- Austin Roe: Okay, Austin Roe DID happen! He was a real person (definitely not anyone’s pseudonym or alias) and, for a time, an absolutely fascinating member of the historical Culper spy ring who served as the vital link communicating intelligence between New York City and Setauket. I’m seriously hoping the one mention he’s had thus far in Season 3 is some kind of bizarre red herring and/or bad history joke – it would truly be a shame for him to be cut out of this series, regardless of how much the show has already careened off the historical record. We will definitely revisit Mr. Roe here on the blog – after we get a better idea of where the show is going to take him.
- Woodhull family drama (especially concerning Mary and Thomas): Never happened. Thankfully,
we’ve got a post on TURN’s convoluted family trees to help viewers sort things out!
- Peggy Shippen and Benedict Arnold: Oh yes, this happened – although as many of you likely guessed, it wasn’t exactly the bizarre love triangle with ulterior motives depicted in TURN. We’re in the process of reaching out to a few exciting guest authors for this particular topic, so stay tuned!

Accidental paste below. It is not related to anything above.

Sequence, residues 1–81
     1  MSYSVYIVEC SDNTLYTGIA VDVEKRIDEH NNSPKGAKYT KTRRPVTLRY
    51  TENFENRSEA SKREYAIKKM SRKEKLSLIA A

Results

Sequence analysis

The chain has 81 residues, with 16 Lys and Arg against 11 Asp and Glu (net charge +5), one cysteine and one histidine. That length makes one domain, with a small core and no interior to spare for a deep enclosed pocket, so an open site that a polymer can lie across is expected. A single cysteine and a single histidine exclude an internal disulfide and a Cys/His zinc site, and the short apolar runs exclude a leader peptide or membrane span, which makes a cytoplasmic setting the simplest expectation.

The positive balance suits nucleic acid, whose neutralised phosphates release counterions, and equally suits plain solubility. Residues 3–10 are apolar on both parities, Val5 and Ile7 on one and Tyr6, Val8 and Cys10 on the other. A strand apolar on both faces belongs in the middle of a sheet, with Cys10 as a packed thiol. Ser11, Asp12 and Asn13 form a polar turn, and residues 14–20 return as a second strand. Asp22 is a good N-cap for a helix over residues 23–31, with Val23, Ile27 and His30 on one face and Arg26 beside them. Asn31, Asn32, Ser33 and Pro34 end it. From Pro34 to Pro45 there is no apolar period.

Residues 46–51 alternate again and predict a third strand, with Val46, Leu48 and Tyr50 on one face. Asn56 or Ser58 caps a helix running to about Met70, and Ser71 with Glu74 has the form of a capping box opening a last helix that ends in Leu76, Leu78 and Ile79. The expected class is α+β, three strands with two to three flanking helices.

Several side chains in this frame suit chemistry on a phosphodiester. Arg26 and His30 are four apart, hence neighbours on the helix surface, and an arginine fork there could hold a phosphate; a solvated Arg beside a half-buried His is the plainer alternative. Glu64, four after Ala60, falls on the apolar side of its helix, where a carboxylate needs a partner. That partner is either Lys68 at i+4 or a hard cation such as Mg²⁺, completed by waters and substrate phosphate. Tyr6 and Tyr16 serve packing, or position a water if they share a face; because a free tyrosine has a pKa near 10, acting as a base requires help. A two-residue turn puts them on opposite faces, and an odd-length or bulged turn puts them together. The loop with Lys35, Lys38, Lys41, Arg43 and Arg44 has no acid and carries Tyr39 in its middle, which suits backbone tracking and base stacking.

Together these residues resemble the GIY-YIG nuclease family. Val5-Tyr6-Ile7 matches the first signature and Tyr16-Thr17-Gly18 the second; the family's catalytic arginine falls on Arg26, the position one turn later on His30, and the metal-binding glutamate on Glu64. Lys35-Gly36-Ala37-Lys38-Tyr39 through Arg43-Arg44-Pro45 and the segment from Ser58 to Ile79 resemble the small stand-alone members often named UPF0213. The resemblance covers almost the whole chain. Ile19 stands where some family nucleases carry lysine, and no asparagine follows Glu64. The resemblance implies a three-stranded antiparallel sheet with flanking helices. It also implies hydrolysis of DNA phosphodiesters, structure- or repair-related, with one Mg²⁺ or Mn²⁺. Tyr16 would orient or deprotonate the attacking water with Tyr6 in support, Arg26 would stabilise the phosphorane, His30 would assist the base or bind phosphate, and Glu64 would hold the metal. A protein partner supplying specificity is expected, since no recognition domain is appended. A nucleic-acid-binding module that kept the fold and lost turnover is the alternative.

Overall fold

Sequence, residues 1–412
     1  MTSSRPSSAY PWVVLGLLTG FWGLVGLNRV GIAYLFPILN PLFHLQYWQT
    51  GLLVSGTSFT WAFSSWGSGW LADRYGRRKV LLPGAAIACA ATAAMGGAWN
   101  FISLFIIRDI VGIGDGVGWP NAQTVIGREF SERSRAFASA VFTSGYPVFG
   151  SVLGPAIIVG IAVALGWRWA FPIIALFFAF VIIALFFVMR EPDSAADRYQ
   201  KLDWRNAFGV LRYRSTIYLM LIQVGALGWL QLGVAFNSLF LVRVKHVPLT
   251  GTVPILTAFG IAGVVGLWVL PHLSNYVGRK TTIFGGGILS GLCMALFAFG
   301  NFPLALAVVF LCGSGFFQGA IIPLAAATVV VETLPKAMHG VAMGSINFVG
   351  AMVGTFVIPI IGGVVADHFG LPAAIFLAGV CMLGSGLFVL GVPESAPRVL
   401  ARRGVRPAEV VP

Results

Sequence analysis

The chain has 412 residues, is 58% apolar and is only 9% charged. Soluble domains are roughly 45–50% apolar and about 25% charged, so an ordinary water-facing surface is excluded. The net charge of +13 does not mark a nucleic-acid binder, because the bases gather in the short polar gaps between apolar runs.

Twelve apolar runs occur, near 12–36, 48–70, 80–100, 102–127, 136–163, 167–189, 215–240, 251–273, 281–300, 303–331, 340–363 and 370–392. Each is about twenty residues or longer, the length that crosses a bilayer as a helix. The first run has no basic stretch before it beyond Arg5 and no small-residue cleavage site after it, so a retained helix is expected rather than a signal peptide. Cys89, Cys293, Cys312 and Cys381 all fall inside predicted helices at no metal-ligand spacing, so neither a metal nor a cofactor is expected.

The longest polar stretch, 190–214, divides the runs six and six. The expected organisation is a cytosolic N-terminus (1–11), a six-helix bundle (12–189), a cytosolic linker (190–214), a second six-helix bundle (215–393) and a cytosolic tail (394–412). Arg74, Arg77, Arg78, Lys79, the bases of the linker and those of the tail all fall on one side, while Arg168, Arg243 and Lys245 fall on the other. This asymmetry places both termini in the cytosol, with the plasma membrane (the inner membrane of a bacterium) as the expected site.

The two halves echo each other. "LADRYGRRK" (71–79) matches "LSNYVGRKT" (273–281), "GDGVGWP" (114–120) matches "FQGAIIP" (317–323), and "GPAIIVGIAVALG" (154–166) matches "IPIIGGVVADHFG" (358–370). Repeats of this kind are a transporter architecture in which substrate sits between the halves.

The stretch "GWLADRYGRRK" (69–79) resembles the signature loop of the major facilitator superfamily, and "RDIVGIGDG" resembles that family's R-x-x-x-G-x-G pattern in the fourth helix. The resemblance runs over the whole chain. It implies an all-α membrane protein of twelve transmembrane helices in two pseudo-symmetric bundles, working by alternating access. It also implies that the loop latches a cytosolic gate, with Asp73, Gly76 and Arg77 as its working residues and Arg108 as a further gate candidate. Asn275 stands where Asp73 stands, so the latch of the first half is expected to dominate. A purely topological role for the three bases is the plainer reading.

- Blood-spattered John Graves Simcoe: Well, it looks like TURN’s “Psycho Simcoe” portrayal isn’t going anywhere this season! Only two episodes into the season and we’ve seen plenty of Simcoe-generated ketchup. If you’re only familiar with Simcoe through what you’ve seen in TURN, you may be in for a bit of a shock once you read a little bit about the real Queen’s Ranger commander by that name! Thankfully, Todd Braisted has not one but two excellent articles about the real Simcoe: one about Simcoe’s captivity at the hands of the Continental Army (as loosely portrayed in Season 1) and another about his tenure as leader of the Queen’s Rangers (TURN Season 2 and beyond). At the TURN roundtable on Common-place.org, guest author and Purdue University history professor T. Cole Jones also analyzes the many liberties TURN takes with John Graves Simcoe.
Well, I think that just about does it for tonight’s link roundup. Plenty of reading to re-visit while we wait for bigger and better spy-related history to materialize in TURN Season 3. Enjoy tonight’s new episode, TURNcoats – and if you’re watching live, don’t forget to join in the fun on Twitter and Facebook!